A lot has happened since Washington’s Nationals selected Seth Romero with the 25th pick in the 1st Round of the 2017 Draft. Romero, who was disciplined while in school at the U of Houston, was sent home from Spring Training in 2018 for violating a team policy, and then underwent Tommy John surgery in September of ‘18.
Two years later, however, the lefty is currently with the big league team in Flushing, Queens, New York’s Citi Field, as part of the taxi squad that’s accompanying big league clubs during this (planned) 60-game pandemic season.
“He’s been throwing the ball well in Fredericksburg,” Nationals’ skipper Davey Martinez told reporters after announcing on Monday afternoon which of the players in the Nats’ 60-Man Player Pool joined the team on their first road trip of the year. “I wanted to put eyes on him and get him up here, but if somebody goes down, he’s another guy who we feel like can help us in the bullpen or even spot start.”
Romero, ranked 11th on MLB Pipeline’s list of the top prospects in the organization, is one of four left-handers (along with Tim Cate, Matt Cronin, and Nick Wells) who has been working out at the Nationals’ Alternate Training Site in Fredericksburg, Virginia.
Martinez was asked before the second of four with the Mets in New York, if Romero might be considered for a role on the big league roster, with left-hander Sean Doolittle’s not the same pitcher he’s been right now, and fellow southpaw Roenis Elías on the 60-Day Injured List, leaving Sam Freeman as the lone trustworthy lefty in the bullpen right now.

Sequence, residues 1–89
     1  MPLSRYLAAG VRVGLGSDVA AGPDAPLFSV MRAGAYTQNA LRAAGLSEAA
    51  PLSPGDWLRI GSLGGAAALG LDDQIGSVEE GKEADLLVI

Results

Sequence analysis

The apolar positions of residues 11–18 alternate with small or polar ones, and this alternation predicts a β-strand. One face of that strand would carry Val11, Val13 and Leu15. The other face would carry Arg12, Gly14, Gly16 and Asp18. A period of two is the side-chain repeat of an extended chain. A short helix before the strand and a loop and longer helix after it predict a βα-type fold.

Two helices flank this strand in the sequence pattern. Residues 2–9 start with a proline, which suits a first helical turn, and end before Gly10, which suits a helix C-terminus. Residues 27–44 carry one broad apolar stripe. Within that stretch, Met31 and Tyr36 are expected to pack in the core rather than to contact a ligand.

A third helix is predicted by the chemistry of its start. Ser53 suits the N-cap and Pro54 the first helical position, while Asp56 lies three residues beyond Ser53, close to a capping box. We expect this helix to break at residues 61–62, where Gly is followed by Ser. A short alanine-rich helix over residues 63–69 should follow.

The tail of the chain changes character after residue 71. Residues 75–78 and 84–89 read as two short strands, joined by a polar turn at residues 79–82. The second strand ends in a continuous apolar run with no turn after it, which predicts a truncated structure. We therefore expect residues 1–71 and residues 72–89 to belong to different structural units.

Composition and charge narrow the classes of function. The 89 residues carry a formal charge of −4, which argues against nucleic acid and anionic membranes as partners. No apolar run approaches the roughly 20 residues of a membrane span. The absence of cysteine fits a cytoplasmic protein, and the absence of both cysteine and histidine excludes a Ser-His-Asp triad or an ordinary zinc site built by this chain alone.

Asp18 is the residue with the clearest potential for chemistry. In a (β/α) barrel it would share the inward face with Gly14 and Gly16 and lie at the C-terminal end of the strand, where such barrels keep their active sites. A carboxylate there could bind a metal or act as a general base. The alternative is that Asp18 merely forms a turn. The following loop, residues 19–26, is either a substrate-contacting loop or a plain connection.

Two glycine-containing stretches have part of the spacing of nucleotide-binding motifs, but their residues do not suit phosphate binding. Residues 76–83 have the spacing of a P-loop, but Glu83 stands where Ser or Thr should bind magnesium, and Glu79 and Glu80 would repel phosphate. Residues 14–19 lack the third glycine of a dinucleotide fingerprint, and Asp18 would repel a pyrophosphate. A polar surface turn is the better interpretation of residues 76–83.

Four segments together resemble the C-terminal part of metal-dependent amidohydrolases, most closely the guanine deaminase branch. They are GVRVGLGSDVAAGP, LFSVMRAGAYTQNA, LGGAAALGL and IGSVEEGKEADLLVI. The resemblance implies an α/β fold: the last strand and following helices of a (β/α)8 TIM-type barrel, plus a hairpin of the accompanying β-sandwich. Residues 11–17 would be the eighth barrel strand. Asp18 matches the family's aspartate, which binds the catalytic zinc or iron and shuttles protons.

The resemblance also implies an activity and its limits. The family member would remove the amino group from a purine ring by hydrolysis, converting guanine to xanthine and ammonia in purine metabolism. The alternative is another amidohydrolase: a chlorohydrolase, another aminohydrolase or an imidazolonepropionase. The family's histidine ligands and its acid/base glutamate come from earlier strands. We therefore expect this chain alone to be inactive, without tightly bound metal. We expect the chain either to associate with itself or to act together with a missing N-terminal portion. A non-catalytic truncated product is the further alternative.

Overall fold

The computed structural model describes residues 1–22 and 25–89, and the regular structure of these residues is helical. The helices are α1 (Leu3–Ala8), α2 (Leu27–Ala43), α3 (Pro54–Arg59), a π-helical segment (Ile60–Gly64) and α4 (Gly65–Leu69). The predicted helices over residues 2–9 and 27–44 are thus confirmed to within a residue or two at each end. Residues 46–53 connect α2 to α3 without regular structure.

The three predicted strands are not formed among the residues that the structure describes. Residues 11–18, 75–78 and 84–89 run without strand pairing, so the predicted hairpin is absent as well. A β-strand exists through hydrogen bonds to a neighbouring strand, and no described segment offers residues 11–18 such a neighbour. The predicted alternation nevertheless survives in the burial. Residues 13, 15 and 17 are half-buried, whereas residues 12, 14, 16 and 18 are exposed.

Is Romero up for a look because they are actually considering using him at some point this season if they need a left-hander in the bullpen? Are they really thinking about that?
“Yeah, we could be,” Martinez said on Tuesday. “Like I said, in this year anything is possible.
“He’s been throwing the ball well in our camp. So, we want to see what he does.
“We know he had Tommy John surgery, so we’re trying to build up his innings, but yet, here’s a kid that’s been throwing strikes that has three really good pitches. He looks fearless. Every time I see him, he’s very calm on the mound, so we’ll see how this all plays out, but I like him. I think if he continues to progress the way he is, he’s going to be a big part of our future. And it could be soon.”
“Right now we looked at him as a guy that could possibly come up here and if somebody went down or somebody got sick, that could step in and one, throw strikes, and two, get big league hitters out,” Martinez added.
“We feel like he’s got the stuff to get big league hitters out. So that’s why he’s here.”